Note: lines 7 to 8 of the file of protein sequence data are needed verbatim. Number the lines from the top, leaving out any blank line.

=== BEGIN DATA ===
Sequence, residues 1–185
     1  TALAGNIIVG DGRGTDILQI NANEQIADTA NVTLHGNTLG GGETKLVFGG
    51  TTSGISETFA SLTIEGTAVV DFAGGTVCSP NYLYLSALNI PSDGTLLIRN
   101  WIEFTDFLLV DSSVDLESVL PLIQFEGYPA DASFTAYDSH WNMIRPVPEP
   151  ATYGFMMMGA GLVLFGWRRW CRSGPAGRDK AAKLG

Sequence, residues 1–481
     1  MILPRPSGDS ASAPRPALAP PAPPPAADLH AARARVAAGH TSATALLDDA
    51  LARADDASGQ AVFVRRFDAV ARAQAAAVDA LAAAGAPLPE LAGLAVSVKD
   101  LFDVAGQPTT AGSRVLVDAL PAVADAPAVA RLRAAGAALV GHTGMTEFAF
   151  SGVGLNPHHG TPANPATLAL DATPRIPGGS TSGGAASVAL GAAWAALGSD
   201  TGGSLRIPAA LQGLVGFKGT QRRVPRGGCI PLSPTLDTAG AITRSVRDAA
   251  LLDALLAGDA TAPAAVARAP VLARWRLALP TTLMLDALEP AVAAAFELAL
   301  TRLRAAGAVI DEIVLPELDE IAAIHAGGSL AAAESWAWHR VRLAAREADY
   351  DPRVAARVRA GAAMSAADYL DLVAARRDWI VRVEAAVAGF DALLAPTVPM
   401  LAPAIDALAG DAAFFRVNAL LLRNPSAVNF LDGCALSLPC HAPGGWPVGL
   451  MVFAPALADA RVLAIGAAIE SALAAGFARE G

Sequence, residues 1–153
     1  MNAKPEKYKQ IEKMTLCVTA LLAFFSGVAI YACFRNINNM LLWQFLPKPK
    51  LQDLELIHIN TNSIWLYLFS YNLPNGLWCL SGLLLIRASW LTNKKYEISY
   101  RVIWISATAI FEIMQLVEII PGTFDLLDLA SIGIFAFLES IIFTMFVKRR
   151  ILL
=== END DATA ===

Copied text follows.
     1  MILPRPSGDS ASAPRPALAP PAPPPAADLH AARARVAAGH TSATALLDDA
    51  LARADDASGQ AVFVRRFDAV ARAQAAAVDA LAAAGAPLPE LAGLAVSVKD